I’m always trying to find somewhere interesting to go on my daily morning walks. Going on the same route every day gets boring after a while. Yesterday I walked to two nearby business plazas and walked along the store fronts looking at what businesses were there.

Now, I had been to these plazas before to go to a restaurant, a bookstore and a martial arts studio. I also drive by them almost every day. But I was surprised at how little I knew about the other businesses that were in there.

By my count I walked by 32 businesses. I had only been to three of them and before yesterday I couldn’t tell you the names of more than one or two of the other ones. I’ve written before about being observant and really noticing things in the world around you. The problem is, there’s so much to notice and a lot of it isn’t relevant to your immediate life. For example, I didn’t need to know there was a women’s hair salon or a travel agency and SCUBA dive shop.

Your brain is very good about blocking out unnecessary distractions and only allowing you to see what you need to see to get you through your present situation, whatever that might be. Mindful observation is a way to hack your brain’s normal functioning so you can be aware of more around you.

I was practicing mindful observation as I walked up and down the business plaza’s parking lot looking at store fronts and making all of the early arriving employees nervous.

OK, who cares? So I made a point of paying attention to a bunch of stores in a couple of strip malls. Is this supposed to mean something? Well, sure. It means that I’ve purposefully put diverse input into my mind. That input is combined with other knowledge and ideas I already have in my head and has the potential to become new creative ideas or solutions.

Of course, I don’t yet know how my mind will combine the ideas of a prosthetics shop, a yoga studio and a cat lounge but at least the comedic implications are obvious.

How Observation Influences Art

For my birthday yesterday I went to a lecture by mixed media artist Mary Robinson called Shifting Perspective. She talked about the role  our environment and experiences play in making art.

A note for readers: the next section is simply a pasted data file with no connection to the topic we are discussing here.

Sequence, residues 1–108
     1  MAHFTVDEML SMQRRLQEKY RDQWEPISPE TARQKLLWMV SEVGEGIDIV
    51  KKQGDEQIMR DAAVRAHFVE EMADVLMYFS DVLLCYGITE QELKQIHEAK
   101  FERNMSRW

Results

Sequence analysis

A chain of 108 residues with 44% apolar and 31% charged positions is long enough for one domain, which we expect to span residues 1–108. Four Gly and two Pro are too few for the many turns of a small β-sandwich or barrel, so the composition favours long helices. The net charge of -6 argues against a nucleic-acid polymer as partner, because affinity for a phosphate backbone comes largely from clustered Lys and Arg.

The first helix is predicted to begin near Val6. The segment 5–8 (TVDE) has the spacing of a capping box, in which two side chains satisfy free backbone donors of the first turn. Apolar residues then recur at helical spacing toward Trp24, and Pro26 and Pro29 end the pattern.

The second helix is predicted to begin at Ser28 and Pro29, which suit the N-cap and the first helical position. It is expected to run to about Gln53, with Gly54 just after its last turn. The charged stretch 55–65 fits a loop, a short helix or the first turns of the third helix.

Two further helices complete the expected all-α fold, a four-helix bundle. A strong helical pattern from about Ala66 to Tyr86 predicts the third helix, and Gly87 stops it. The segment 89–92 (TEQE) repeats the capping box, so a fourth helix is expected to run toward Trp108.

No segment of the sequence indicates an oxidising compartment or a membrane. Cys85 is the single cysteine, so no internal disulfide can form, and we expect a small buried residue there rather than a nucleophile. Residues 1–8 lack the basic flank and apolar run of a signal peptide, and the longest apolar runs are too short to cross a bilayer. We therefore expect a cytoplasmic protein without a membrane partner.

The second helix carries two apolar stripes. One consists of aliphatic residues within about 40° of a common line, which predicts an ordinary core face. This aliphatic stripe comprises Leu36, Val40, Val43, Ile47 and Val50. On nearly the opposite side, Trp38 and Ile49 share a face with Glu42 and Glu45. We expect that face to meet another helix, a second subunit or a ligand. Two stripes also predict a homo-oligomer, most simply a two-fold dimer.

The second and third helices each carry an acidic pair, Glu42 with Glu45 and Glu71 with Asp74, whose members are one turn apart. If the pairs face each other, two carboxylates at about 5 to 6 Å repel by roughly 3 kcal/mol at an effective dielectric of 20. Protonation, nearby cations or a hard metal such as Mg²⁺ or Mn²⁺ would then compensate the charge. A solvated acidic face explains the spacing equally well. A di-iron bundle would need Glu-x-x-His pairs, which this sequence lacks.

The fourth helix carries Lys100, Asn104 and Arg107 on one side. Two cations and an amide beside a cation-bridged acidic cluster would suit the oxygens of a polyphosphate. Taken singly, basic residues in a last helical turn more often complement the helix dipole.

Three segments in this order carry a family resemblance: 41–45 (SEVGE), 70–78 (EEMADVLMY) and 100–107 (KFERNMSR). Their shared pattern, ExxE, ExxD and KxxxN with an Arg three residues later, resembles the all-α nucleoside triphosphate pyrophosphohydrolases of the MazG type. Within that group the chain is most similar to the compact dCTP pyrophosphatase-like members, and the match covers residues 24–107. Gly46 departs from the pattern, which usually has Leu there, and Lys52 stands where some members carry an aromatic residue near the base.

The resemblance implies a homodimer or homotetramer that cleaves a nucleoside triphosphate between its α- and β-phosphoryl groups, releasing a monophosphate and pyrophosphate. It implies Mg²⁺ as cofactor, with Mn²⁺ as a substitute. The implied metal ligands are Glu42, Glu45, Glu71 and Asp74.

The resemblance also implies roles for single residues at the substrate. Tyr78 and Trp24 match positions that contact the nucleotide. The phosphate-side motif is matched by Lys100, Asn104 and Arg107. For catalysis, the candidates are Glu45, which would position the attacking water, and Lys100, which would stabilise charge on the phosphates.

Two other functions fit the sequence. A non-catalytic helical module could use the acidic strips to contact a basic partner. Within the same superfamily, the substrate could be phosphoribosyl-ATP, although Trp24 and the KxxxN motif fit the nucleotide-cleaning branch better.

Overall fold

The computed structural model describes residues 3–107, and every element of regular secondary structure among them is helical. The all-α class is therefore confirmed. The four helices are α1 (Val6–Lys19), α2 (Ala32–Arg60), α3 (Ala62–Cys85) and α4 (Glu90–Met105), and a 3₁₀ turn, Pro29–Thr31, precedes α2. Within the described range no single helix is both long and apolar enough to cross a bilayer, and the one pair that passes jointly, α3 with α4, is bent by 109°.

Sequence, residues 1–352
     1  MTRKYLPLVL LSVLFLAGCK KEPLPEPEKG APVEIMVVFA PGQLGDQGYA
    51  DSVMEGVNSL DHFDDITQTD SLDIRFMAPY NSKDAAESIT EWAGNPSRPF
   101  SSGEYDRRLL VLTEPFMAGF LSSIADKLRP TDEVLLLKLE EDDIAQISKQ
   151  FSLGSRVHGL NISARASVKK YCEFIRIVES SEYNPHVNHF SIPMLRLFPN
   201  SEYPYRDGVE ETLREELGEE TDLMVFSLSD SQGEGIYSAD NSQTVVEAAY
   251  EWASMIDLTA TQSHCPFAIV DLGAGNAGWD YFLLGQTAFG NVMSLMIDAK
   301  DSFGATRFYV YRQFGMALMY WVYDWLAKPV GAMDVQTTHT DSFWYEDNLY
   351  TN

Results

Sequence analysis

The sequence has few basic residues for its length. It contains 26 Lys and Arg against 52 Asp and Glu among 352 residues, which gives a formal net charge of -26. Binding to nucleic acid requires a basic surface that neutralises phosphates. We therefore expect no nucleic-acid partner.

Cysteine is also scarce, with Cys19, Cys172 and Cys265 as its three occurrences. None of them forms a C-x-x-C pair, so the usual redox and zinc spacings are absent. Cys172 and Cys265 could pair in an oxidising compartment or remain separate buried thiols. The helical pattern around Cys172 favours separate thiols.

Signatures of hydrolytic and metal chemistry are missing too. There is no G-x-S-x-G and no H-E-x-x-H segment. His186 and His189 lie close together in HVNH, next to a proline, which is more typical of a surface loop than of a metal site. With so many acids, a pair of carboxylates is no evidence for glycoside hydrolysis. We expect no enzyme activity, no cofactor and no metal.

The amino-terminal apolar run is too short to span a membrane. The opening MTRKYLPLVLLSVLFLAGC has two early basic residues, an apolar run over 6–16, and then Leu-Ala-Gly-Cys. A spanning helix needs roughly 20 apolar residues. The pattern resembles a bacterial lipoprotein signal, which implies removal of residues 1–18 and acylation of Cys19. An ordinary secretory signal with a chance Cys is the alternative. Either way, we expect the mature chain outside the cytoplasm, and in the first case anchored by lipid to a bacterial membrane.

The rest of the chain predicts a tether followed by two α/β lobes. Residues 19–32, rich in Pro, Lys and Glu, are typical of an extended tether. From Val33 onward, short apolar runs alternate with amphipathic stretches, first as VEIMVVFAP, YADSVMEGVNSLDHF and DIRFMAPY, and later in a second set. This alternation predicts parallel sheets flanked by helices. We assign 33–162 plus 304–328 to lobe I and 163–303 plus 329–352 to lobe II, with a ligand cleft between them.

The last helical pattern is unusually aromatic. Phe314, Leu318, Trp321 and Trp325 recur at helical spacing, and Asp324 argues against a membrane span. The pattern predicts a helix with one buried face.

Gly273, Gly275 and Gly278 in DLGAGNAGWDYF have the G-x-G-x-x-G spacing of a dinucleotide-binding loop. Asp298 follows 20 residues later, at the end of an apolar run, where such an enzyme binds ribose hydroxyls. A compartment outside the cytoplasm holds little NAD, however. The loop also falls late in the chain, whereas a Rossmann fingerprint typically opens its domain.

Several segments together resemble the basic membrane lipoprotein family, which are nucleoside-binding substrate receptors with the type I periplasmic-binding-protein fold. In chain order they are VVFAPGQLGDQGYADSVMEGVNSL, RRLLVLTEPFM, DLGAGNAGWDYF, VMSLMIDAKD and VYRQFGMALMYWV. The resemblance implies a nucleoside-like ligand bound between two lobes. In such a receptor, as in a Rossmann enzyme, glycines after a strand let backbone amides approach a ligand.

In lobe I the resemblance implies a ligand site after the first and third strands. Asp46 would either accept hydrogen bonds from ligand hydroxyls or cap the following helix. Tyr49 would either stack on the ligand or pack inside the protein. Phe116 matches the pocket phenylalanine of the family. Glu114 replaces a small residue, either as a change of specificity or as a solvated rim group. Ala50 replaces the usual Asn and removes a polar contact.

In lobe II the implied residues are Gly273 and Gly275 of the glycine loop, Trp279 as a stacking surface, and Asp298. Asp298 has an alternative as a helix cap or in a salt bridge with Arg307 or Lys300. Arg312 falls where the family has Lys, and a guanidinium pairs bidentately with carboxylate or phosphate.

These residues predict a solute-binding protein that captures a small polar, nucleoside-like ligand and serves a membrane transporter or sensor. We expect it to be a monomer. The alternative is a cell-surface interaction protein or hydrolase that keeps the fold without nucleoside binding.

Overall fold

I sat next to this enormous print during the talk. It was either inspired by the swamps in the authors home state of South Carolina or a crime scene in CSI New Orleans.

The writeup in the paper for the lecture used the word observation to describe this. However, I found it interesting that Mary never used the word observation in her talk (unless I was hearing but not really listening). We so often go through our days seeing things without really observing them. It takes a concious shift in thinking to truly observe our surroundings and understand what we’re seeing.

This is the same concept Maria Konnikova writes about in her book Mastermind: How to Think Like Sherlock Holmes. I wrote a post about this book a few years ago and just started re-reading it earlier this week. It surprised me to spot the apt description of this lecture in the paper on the morning of the talk.

We see things every day but we rarely observe. Yet true mindfulness and observation of our surroundings and interactions are so important for everyone from photographers to programmers and everyone in between. It allows you to discover new ideas, methods of implementation and more efficient strategies to accomplish goals. At the very least you’ll get better at Trivial Pursuit.